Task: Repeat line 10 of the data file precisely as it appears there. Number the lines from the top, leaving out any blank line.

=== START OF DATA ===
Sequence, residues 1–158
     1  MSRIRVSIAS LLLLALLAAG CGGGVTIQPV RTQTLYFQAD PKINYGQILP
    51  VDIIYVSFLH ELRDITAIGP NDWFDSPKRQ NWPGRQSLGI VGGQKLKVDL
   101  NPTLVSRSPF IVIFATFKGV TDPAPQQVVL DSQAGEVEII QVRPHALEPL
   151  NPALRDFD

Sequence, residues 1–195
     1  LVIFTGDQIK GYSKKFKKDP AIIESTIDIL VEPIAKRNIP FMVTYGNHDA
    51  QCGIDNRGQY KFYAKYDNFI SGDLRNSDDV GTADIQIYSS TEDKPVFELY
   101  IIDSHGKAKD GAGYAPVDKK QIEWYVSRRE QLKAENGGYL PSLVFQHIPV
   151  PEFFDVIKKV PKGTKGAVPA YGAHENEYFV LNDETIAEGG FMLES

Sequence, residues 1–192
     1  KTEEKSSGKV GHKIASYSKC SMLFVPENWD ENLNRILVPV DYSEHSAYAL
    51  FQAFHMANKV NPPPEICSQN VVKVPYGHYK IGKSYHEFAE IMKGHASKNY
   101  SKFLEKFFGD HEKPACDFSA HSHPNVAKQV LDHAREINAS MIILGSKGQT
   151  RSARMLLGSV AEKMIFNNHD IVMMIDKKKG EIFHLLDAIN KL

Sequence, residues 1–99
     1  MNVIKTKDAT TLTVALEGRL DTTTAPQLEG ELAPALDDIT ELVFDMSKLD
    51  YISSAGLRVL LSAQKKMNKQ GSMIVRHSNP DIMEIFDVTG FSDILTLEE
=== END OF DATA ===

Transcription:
   151  PEFFDVIKKV PKGTKGAVPA YGAHENEYFV LNDETIAEGG FMLES